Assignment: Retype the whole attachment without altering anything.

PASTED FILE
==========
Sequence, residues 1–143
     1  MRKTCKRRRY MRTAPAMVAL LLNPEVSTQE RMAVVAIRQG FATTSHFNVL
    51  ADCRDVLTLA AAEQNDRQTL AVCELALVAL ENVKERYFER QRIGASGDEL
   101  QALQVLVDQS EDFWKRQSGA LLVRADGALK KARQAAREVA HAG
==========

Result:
Sequence, residues 1–143
     1  MRKTCKRRRY MRTAPAMVAL LLNPEVSTQE RMAVVAIRQG FATTSHFNVL
    51  ADCRDVLTLA AAEQNDRQTL AVCELALVAL ENVKERYFER QRIGASGDEL
   101  QALQVLVDQS EDFWKRQSGA LLVRADGALK KARQAAREVA HAG